Do you have questions about things like mortgages, credit cards, fighting fraud or saving for college? Our Consumer Center offers resources for consumers to learn about these topics (and more) so that you can make knowledgeable financial decisions.
The CBA has partnered with the Financial Services Information Sharing and Analysis Center (FSISAC) and the American Bankers Association to provide the 2017 Incident Response Playbook, which delivers guidance to banks in California on actions to consider taking before a cybersecurity incident as well as needs and information-sharing protocols in response to and during recovery from a cybersecurity incident as well as recommendations for actions to take following a cybersecurity incident.
This two-week public awareness and education campaign will focus on the following timely themes: California banks’ ongoing investments in technology to make banking safer and more convenient for customers, including the deployment of chip-based credit cards; their ongoing commitment to protecting customers’ financial information and ensuring their customers are made whole financially in the event of a data breach at a retailer.
Identity theft continues to be one of the fastest growing crimes in the United States. In the U.S., 12.6 million people – or 1 out of every 20 consumers – were victims of identity fraud last year. The California Bankers Association recommends following these tips to keep your information – and your money – safe.
Borrowing money can be intimidating, whether it is to purchase a home or using your first credit card. Defining your needs and finding the right solution can be a timely process but is worth the effort. Below are some tips on how to better understand your borrowing options.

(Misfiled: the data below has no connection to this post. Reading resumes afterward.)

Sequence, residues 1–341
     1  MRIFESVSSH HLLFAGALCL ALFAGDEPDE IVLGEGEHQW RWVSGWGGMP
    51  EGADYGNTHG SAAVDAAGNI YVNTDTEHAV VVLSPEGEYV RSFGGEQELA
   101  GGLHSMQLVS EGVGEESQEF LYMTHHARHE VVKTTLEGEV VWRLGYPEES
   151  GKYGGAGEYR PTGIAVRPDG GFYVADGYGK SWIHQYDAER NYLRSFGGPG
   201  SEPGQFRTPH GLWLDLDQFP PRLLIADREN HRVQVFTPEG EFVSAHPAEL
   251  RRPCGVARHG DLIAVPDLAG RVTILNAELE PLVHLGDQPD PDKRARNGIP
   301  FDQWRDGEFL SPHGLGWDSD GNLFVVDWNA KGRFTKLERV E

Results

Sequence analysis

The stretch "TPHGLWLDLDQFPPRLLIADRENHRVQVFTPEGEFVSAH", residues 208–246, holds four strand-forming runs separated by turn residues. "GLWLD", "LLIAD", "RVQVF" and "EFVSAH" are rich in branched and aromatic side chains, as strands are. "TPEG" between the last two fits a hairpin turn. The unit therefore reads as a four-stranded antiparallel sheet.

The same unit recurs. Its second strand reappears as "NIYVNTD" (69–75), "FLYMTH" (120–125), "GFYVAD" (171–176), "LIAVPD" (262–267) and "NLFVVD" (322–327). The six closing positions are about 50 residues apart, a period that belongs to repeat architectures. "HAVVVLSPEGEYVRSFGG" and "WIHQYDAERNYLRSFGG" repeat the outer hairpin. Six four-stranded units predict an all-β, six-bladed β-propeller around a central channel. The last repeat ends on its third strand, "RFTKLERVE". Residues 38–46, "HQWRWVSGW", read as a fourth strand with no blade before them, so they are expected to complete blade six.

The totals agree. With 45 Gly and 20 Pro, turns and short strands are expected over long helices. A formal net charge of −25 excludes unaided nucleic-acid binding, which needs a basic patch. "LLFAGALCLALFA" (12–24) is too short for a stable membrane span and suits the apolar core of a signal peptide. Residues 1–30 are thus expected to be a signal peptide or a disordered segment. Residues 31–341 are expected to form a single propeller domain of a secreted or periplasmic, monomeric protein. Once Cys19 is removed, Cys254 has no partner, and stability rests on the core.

Credit cards have become an everyday tool for people to make purchases and manage their personal finances. Access to credit enables families to purchase homes, deal with emergencies, obtain goods and services and build a credit history for larger purchases such as a car or home. Today, roughly 73 percent of all families have at least one credit card. About 60 percent of cardholders are “convenience users” – they avoid interest charges by paying balances in full each month.
DO know the power of credit. Banks look at your credit history as an indication of your future financial behavior. By using credit wisely, you can build a good credit history making it easier to get loans with low interest rates, rent an apartment, purchase a car or home, and may even help you get a job.
Borrowers have lots of choices among types of loans and lenders. Choosing wisely can save you a lot of money. Protect yourself from paying more for credit than you need to by understanding the different types of loans and lenders. Remember, if you borrow money that you cannot repay, you can lose your home, your car, your savings and your investments. Also, a court can order that your employer “garnish” your earnings, that is, withhold some of your pay on behalf of a creditor.
For some loans, called “secure loans,” you must put up “collateral” – something you own that the lender can take if you don’t repay the loan. Cars, homes and savings and investment accounts are common types of collateral. “Unsecured” loan, like credit cards, do not require collateral.